• When will easy-to-use text creation tools be available? Would it be more effective to develop specific language models for intervention activities than to use generic models?
  • Will norms develop to deter actors who conduct AI-driven influence operations? How will the actor’s intentions develop?

While we expect to see the technology spread, as well as improvements in the use, reliability, and efficiency of language models, many questions about the future remain unanswered. Because these are important features that can change how language models can influence action, further research to reduce uncertainty is very valuable.

Scope of Mitigations

To chart a path forward, the report outlines the key stages from language model to impact in the operational pipeline. Each of these stages is a potential mitigation point. In order to successfully carry out an influence operation based on a linguistic model, campaigners will require that: from the model, and (4) affect the end user. Many possible mitigation strategies fall into these four steps, as shown below.

A stage in the pipeline 1. Construction of models 2. Model Access 3. Distribution of Content 4. Formation of faith
Figurative mitigations AI developers build models that are more sensitive to facts. AI providers impose stricter usage restrictions on language models. Platforms and AI providers coordinate to discover AI content. Institutions engage in media literacy campaigns.
Developers share radioactive data to make generative models discoverable. AI providers are developing new norms around model release. Platforms require “proof of identity” to publish. Developers provide consumer-facing AI tools.
Governments impose restrictions on data collection. AI providers close security vulnerabilities. Organizations that rely on public information are taking steps to reduce their exposure to misleading AI content.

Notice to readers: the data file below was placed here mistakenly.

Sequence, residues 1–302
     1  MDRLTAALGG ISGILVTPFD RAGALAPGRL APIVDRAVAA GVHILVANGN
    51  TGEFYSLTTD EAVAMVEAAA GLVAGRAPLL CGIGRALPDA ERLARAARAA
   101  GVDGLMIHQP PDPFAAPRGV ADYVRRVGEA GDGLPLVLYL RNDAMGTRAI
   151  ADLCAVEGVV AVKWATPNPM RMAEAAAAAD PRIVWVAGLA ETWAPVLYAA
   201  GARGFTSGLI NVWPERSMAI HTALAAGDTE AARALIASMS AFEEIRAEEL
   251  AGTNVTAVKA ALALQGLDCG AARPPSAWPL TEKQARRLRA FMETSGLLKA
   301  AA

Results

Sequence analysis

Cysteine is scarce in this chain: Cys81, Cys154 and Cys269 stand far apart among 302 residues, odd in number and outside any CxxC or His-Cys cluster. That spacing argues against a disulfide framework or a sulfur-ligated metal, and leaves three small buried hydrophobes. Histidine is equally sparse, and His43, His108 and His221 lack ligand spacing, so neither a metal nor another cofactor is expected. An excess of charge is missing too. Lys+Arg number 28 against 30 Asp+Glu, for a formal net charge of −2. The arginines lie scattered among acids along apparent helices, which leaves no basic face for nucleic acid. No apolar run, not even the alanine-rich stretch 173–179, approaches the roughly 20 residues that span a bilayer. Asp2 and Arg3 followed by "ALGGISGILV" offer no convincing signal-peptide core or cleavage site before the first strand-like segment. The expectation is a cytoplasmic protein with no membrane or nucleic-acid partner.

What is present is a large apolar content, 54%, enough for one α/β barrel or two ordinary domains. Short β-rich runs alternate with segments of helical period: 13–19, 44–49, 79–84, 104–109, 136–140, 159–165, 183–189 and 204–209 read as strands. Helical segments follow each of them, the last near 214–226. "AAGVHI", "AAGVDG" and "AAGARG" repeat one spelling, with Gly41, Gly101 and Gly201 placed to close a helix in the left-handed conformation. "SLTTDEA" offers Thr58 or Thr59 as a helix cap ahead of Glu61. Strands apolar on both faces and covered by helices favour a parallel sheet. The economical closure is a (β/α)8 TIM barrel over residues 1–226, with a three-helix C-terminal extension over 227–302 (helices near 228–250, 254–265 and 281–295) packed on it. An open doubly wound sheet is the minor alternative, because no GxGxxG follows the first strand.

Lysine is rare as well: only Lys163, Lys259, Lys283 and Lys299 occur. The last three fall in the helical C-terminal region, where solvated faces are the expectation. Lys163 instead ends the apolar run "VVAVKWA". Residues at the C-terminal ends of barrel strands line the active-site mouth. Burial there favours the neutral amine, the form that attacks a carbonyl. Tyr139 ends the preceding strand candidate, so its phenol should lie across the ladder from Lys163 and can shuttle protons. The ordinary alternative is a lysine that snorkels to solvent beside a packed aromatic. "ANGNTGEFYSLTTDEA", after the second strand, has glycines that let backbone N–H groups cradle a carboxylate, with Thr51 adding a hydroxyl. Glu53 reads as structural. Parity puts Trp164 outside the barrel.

Governments impose access controls on AI machines. Digital provenance standards are widely accepted.

If mitigation exists, is it desirable?

Just because mitigation can reduce the risk of AI-enabled impact operations doesn’t mean it should. Some mitigations carry their own downside risks. Others may be impractical. While we do not explicitly endorse or evaluate mitigation, the paper provides a set of guiding questions for policy makers and others to consider:

  • Technical feasibilityThe proposed mitigation is technically feasible. Does it require significant changes to the technical infrastructure?
  • Social feasibilityIs mitigation politically, legally and institutionally feasible? Does it require costly coordination, are key actors incentivized to implement it, and is it enforceable under existing laws, regulations, and industry standards?
  • Downside riskWhat are the potential negative impacts of mitigation and how significant are they?
  • EffectHow effective is the proposed mitigation in reducing the threat?

We hope that this framework will stimulate ideas for other mitigation strategies, and that the guiding questions will help relevant institutions begin to consider whether different mitigations are worth pursuing.

This report is far from the final word on future AI and impact operations. Our goal is to define the current environment and help set the agenda for future research. We encourage anyone who wants to collaborate or discuss relevant projects to contact us. For details, read the full report here.

Read the report

Josh A. Goldstein(Georgetown University Center for Security and Emerging Technologies)
Girish Sastri(OpenAI)
Micah Musser(Georgetown University Center for Security and Emerging Technologies)
Renee DiResta(Stanford Internet Observatory)
Matthew Gentzel(Longview Philanthropy) (work done on OpenAI)
Katerina Sedova(US Department of State) (work done at the Center for Security and Emerging Technologies prior to government service)